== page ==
After crossing over into Canada, the train stopped. Mike and his bus picked us up, and we drove back along the highway with a couple of photo stops along the way. At one of the stops, right by the border, we had just gotten back on the bus when I thought I saw Jeff's mother. Then he saw his brother, and we identified their rental car. We were getting underway, so we couldn't jump out to say hello, but they didn't stay much longer. Apparently the tour following ours was led by a phenomenally irritating woman. We were lucky to have Mike; he was the kind of guy who would have gotten a 30% tip if he'd been a waiter in a restaurant. Bizarre as all heck, but entertaining.

Our next stop was at Liarsville, a camp from the gold rush era. Apparently the newspaper writers came to Alaska to try the route to the gold fields and tell their readers about it. However, many of them looked at the trails, heard the horror stories, and decided to stay put in relative comfort and just repeat the stories they heard from people coming back. A year or two later, the readers who had been fascinated by the stories came up to try their own luck, found the newspaper men sitting in their tents, and promptly named the camp Liarsville, since it was all lies. We were served a lunch of grilled salmon, baked beans, coleslaw, bread, and apple pie. Then we took a look through the camp, and got treated to a little variety show. Finally, we panned for gold, with pre-seeded pans.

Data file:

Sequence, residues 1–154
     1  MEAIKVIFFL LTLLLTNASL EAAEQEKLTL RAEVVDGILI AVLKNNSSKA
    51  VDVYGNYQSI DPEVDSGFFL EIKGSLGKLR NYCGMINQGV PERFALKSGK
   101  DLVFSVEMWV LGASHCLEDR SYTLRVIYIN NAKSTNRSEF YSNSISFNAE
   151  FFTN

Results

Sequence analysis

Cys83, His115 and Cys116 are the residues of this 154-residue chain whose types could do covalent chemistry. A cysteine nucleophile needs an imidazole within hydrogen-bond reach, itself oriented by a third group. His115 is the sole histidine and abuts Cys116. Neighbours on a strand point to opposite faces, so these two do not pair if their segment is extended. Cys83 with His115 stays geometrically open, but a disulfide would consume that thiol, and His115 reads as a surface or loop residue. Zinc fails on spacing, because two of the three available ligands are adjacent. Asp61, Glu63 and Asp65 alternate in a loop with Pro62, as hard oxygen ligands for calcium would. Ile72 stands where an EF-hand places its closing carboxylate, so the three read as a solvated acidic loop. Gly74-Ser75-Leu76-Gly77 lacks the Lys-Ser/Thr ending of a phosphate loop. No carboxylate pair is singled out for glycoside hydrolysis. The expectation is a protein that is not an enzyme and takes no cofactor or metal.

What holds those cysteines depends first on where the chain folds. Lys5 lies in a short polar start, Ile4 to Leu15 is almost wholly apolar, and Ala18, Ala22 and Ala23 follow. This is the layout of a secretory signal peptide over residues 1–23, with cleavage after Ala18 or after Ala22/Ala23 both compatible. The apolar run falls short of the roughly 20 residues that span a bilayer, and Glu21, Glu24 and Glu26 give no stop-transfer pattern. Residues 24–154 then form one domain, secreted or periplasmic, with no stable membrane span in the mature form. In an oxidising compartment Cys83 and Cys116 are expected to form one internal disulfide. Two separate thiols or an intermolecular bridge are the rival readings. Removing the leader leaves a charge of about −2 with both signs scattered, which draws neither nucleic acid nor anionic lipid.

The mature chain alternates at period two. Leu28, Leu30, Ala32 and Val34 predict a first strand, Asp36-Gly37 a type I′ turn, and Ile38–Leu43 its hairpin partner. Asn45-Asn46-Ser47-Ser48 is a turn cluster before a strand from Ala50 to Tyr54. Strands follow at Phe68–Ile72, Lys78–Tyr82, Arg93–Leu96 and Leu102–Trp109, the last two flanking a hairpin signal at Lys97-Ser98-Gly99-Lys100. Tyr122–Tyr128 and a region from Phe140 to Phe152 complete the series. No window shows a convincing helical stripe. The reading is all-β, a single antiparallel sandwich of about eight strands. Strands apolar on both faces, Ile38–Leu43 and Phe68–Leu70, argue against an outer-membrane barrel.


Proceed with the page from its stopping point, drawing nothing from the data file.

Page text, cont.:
Following that, we got back on the bus and Mike drove us back to Skagway, to the Red Onion Saloon. We got complimentary wine, beer, or root beer, and a tour of the upstairs, which had been a brothel. Interestingly, after the official tour, we were talking to one of the girls in costume. She said that part of why she took the job was that she was bored with the men in Wisconsin, and here she could see the variety of the 300,000 tourists that come to Skagway over the course of the summer. It seems that some of the old motivations are still at work.